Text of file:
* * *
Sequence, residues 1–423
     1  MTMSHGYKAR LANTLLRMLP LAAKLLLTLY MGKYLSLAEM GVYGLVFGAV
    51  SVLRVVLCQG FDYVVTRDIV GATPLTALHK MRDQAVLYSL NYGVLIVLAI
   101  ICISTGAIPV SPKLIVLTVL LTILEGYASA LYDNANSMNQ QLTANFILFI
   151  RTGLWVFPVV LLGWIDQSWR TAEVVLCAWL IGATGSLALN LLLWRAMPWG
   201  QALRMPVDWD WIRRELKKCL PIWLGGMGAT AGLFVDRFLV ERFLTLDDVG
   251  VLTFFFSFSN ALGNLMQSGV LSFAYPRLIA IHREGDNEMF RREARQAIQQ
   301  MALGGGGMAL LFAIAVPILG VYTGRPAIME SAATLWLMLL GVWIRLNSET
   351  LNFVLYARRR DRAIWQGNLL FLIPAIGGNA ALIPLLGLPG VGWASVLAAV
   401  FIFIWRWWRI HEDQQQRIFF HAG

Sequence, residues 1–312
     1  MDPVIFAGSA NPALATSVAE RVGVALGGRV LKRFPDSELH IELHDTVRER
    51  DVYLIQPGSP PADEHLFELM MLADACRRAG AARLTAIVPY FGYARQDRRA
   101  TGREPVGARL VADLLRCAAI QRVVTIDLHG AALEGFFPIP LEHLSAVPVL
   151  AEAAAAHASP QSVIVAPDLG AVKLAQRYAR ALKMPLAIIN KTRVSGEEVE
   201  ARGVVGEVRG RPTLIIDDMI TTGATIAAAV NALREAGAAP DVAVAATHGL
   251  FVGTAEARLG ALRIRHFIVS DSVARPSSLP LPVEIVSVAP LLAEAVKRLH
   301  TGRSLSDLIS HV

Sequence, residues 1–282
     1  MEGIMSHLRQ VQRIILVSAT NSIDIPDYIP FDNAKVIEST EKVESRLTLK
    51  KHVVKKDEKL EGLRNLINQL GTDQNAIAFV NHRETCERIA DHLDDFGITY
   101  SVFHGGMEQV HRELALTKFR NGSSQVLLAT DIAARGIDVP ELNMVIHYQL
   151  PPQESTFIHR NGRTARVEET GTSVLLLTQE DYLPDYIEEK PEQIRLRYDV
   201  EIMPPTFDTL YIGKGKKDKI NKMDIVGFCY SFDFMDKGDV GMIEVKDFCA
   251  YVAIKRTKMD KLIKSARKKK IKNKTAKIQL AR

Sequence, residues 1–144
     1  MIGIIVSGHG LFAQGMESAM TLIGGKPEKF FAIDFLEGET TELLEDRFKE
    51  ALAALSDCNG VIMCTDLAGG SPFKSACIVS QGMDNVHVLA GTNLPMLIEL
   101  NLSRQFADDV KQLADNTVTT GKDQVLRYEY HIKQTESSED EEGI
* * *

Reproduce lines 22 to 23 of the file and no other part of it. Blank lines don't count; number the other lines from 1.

   101  SVFHGGMEQV HRELALTKFR NGSSQVLLAT DIAARGIDVP ELNMVIHYQL
   151  PPQESTFIHR NGRTARVEET GTSVLLLTQE DYLPDYIEEK PEQIRLRYDV